In 2016, FFR therapy dog teams touched approximately 7,500 people at more than 25 different facilities. We have more than 40 certified therapy dogs of all shapes and sizes, and many of them are even rescue dogs with their own stories to share. It’s always touching to see the smiles when we walk into a room. Just the other day, a man told me he hoped he would “still be in the hospital next week” so he could see the dogs again. An individual client who had just lost a spouse reached out to us and we began visiting her every week. She spends the entire hour snuggling with the dog. Children and adolescents in the inpatient behavioral health units sit on the floor hoping Blanket, Ami or Happy will sit on their laps while they share their personal struggles. I could write a book filled with all the stories of how our FFR dogs have touched lives.
Over the last three years, NAMI SWI and FFR have partnered at numerous community events including health fairs, mental health conferences and pet expos to educate the public on the importance of improving the lives of people living with mental illness and their families. FFR volunteers and their dogs have participated in NAMIWalks for the past two years, and NAMI volunteers often help at FFR fundraisers.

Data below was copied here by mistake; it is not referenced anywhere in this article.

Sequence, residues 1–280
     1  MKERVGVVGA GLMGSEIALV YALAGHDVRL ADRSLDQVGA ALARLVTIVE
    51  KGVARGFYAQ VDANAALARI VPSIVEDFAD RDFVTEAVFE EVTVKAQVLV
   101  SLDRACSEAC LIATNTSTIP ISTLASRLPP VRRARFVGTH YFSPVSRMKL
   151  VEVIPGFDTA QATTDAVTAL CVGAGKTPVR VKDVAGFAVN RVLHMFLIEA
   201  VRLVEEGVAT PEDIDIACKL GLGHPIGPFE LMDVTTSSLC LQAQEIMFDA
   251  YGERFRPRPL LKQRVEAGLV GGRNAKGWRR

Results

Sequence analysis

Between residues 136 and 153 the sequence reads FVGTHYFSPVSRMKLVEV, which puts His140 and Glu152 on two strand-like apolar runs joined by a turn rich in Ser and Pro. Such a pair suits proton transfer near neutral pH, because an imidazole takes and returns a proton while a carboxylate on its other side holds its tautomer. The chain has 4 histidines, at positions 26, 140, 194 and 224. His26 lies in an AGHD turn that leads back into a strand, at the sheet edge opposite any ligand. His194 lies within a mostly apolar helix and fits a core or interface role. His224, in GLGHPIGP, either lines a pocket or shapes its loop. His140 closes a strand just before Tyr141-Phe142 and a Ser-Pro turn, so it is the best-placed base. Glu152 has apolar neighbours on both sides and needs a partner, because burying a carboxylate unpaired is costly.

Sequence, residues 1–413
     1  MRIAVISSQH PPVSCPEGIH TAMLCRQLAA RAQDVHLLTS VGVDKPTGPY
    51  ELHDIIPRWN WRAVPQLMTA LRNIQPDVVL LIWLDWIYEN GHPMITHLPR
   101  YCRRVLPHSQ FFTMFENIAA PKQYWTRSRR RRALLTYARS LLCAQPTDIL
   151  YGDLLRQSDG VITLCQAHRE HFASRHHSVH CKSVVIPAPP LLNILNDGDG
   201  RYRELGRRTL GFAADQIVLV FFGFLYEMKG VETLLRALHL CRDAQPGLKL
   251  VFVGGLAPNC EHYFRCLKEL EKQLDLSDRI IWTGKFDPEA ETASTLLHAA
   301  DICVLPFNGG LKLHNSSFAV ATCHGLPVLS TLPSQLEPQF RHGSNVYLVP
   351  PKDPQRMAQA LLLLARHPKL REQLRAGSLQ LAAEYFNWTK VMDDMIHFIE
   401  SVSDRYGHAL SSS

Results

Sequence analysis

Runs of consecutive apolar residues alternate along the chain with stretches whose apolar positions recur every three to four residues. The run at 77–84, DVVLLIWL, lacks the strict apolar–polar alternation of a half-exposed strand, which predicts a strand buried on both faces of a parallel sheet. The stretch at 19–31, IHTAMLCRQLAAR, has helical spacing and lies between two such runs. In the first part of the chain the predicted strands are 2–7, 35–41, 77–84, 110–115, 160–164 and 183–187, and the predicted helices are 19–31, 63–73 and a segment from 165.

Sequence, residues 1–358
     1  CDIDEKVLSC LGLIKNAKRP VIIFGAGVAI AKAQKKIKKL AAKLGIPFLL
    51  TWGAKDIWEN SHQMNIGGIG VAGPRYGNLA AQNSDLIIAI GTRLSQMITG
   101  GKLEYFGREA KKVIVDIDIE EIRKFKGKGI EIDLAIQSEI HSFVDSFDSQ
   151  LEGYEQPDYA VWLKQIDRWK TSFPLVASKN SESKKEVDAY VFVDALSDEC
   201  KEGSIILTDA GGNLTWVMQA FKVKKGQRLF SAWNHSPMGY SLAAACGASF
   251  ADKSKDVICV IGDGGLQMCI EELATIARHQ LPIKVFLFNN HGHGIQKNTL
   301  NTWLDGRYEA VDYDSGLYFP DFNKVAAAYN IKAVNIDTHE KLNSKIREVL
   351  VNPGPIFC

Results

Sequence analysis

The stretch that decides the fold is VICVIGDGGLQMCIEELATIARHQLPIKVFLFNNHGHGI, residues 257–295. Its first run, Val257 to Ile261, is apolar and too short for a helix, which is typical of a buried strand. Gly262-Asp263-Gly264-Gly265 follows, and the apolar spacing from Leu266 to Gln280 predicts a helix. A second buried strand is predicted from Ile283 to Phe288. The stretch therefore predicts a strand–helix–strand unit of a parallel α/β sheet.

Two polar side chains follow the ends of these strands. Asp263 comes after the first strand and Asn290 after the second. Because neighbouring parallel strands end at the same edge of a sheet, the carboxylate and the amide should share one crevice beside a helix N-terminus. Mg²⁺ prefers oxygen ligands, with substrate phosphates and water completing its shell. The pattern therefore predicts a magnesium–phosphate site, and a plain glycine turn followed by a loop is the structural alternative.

With the encouragement and support of NAMI National Board Member Victoria Gonzalez, our most recent accomplishment has been the creation of a specialty NAMI Connections support group using FFR therapy dogs to ease anxiety, provide comfort, encourage communication and motivate people to attend. The format of the group is the same as any other Connections group, but there are two or three therapy dogs wandering around the room.
Because dogs also experience emotions and trauma, their handlers are asked to share a few sentences on behalf of their dog, which makes the dog a part of the group. For example, one of the dogs had been homeless for a while, and a group member who had also been homeless opened up about his experience to the group.
Sometimes the dogs are simply a source of comfort, helping build rapport within the group and encouraging sharing. Other times, members may be more interactive with the dogs by playing with them before or after the group, petting them while talking about an emotional issue or asking them to do a few tricks to lighten the mood. The feedback has been overwhelmingly positive:
It is exciting to be offering a specialty group that gives people an innovative option and helps support their journey toward recovery and mental wellness. It is one of the most popular signature programs in our area. Connecting my lived experience and my love for animals was the perfect foundation for Furry Friends Recovery. I’m so thankful that NAMI SWI teamed up with me so I could expand my dream and help more people.
Tricia Hogan has personal experience struggling with mental illness and feels strongly that dog therapy was a major component in her recovery. She is dedicated to making sure that others benefit from the healing power of dogs during recovery. She holds a Crisis Recovery Support Specialist (CRSS) credential for the state of Illinois and a certification in Animal Assisted Therapy from the Animal Behavior Institute. She is also active in certification for NAMI Peer-to-Peer, NAMI In Our Own Voice and NAMI Connections, and is a NAMI Peer-to-Peer state trainer.